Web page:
pF: hub motor complete, mostly

Lots of stuff happened between that and the last post, here’s what:

Last time we finished machining the rotor mostly, so now onto the stator. I confess that it crossed my mind to put the stator adapter in a mill, indicate its center, and CNC the screw hole pattern. But who am I kidding, clamping it and transferring the hole pattern with a hand drill is way easier. I’m getting too caught up in CNC these days…

clamping and transfer drilling the old fashioned way

the low head socket screws are great for keeping things compact. There's only a few thousandths clearance between the screw heads and the bearing.

Now for actually winding the motor.  This is the place to go to figure out the right winding pattern. So with 20 magnet poles and 18 teeth, the pattern I used was AaABbBCcCAaABbBCcC, where capital letters denote one direction of winding, and lowercase the other. I found it really helpful to just write this pattern directly on the stator and to have little arrows indicating which direction to wind.

oh gosh, so much winding

At about this point I realized the fork on the bike frame was actually too narrow for the whole motor-wheel assembly. But I didn’t want to do too much work to making things fit. I decided the easiest thing would be to cut most of the way through both sides of the fork so that they could bend out. Then I could just weld the seam shut.

shoulders of the fork are bandsawed, a threaded rod spreads the fork wider.

left one is welded, right one is welded and sanded a bit.

I should have used a bit more filler rod, because after I sanded down the bead, there are still some grooves on either side of the weld, but it should hold. If you look carefully you can also see the kink that has resulted from bending the fork.

The drop outs were originally designed for an 8mm axle, but the stock bearing in the wheel is 10mm. So I used a 10mm axle, which actually worked out quite well. I milled flats on the ends of the shaft so that the dropouts grip them like a wrench on a boat. Then the ends are tapped so that a screw clamps the axle to the dropout.

To mill the flats correctly, I help the axle in some square aluminum blocks.

axle with clamp-on blocks for machining

assembled stator.

I guess you can’t see well in this picture, but there is a groove in the aluminum stator adapter that makes room for the red, yellow, and blue wires to feed out of the motor.

Now for assembling the rotor and stator, which is terrifying because of how strong the magnets are. Its also a pain to the center the magnet ring with the stator, since alignment is an unstable equilibrium. After pinching my fingers multiple times, here is what I came up with:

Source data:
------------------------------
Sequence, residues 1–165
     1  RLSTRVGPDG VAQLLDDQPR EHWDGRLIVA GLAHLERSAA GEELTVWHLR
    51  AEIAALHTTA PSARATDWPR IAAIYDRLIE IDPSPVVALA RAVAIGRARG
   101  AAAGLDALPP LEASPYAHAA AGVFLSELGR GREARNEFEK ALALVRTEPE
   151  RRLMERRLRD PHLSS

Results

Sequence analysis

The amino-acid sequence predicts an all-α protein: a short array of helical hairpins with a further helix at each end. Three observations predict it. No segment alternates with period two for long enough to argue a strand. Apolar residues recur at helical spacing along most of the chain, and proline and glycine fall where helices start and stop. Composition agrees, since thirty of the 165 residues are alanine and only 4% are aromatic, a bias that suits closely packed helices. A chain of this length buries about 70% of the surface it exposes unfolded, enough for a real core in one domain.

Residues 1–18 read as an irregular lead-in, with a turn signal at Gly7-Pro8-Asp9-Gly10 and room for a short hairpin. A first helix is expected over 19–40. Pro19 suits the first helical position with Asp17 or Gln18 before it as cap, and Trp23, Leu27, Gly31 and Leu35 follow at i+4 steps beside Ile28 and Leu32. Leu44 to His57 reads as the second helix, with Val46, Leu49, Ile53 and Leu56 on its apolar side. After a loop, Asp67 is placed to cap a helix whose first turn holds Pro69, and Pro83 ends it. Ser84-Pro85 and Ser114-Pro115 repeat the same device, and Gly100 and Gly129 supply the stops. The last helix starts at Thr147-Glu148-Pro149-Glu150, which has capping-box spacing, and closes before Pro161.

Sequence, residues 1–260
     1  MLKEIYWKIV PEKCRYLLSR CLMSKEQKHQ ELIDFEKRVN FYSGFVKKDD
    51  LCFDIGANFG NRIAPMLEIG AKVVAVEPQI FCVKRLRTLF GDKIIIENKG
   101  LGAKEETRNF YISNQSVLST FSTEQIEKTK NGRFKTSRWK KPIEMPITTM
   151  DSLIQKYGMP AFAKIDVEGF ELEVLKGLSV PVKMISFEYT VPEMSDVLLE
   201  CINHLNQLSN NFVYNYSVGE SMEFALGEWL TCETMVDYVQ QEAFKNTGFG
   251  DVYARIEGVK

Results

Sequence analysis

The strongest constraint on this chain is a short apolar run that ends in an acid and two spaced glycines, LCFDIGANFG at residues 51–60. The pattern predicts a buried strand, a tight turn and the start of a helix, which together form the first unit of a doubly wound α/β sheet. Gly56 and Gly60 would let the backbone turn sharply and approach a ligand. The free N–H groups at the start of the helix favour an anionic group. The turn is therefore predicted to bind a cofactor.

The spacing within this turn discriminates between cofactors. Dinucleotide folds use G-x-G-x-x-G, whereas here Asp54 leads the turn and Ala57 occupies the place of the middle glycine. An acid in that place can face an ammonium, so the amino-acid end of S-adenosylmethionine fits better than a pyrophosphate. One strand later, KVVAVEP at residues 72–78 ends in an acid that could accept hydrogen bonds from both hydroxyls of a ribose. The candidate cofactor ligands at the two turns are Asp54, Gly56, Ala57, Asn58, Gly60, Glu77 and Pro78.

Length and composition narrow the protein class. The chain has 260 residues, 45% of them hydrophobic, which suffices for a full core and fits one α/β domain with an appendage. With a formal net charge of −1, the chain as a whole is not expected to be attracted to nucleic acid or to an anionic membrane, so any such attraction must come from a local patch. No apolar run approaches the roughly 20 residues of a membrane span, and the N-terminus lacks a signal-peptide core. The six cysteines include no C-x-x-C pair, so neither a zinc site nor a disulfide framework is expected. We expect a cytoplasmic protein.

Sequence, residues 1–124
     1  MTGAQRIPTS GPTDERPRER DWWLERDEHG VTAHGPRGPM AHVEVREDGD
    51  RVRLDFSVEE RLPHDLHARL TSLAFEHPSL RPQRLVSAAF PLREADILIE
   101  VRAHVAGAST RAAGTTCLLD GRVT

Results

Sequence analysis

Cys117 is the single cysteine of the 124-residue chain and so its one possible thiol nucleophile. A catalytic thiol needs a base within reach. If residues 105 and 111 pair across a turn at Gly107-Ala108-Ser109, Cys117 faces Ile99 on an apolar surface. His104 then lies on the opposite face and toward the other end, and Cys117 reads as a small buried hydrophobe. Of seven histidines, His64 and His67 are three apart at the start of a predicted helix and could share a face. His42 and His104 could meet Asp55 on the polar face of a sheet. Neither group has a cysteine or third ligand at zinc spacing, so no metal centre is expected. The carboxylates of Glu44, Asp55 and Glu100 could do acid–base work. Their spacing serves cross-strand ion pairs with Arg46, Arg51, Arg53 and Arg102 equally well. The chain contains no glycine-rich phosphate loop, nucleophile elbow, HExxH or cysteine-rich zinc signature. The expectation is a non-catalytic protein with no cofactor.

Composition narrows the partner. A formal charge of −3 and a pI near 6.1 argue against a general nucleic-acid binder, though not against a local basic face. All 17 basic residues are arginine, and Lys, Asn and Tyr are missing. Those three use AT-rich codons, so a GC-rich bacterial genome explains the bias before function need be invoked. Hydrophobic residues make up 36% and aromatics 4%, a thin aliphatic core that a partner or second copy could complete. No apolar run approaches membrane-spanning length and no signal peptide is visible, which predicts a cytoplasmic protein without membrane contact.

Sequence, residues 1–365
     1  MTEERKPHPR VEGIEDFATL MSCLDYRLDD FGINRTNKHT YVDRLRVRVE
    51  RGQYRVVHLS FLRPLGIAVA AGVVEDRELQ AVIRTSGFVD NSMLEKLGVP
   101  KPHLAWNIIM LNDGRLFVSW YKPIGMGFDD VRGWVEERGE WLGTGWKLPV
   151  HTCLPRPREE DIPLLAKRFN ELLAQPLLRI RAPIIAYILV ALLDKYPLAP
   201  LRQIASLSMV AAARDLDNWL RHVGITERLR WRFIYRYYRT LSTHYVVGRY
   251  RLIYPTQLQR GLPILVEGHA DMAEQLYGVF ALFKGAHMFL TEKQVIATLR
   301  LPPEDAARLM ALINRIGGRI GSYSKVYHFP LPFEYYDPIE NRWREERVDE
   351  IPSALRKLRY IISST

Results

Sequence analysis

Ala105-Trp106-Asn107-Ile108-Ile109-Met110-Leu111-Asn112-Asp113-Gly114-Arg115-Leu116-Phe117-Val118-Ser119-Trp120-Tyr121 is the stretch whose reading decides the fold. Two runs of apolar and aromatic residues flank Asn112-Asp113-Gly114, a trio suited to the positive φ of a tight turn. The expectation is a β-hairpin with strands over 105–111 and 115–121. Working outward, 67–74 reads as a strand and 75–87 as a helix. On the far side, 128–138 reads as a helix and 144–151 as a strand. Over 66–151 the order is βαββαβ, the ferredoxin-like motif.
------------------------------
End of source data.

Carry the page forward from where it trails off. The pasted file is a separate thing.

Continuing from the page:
pull on the clear plastic strips and hope for the best!

I clamp the stator in a vice and pre-align two of the screws before the rotor and stator are matched together. The screws I use are just long enough to do this. The two clear plastic strips keep the magnets from pulling too hard while I am aligning the screws. Then you hope for the best as you yank out the plastic strips, kind of like pulling the table cloth out from under a glass. This mostly works out, but sometimes things are pulled together crooked and the magnet ring gets caught. Usually pushing it in the right direction will cause it to snap very forcefully in place. Be careful where you place your fingers!

So then I have the pleasure of assembling everything together only to find out that something was rubbing pretty badly. After wheeling it around for a bit and forcing the wheel to turn through the friction, I opened it up and looked for signs of wear.

Sure enough, a terrible and unexpected problem. Actually, it wasn’t that bad, but it could have been avoided. Two of the magnets where epoxied in crooked. Below you can see that when one of the caliper jaws is flush with the face of the magnet, the other jaw does not line up with the motor can.

oops, crooked magnet...

hmm, so how does one shape magnets anyway? Turns out you treat them like chunks of ceramic. I simply used a Dremel and one of those diamond cylinder grinding tools. The process is made extra fun by the fact that the tool is magnetic, so don’t be alarmed if you have to do this and the tool get sucked into the magnet. Also, be sure to use some kind of coolant when you do this, you don’t want to demagnetize anything. It really only took a minute of grinding (and 10 min to get out as much of the dust as possible), and after that everything fit.

high spots on magnets ground down

assembled and mounted

Now the motor is not completed yet, but ready for a test run. I will still need to add sensors later and get a controller, but for now I will just borrow from Charles and Shane of course. And as of tonight, it does work!! I’ll get the video up soon.

One thought on “pF: hub motor complete, mostly

  1. The next time you do this, try using spacing shims (like you have shown) and wooden wedge shims to center the rotor to the stator. It’s a pretty low-tech way of aligning them, but it works like a charm.

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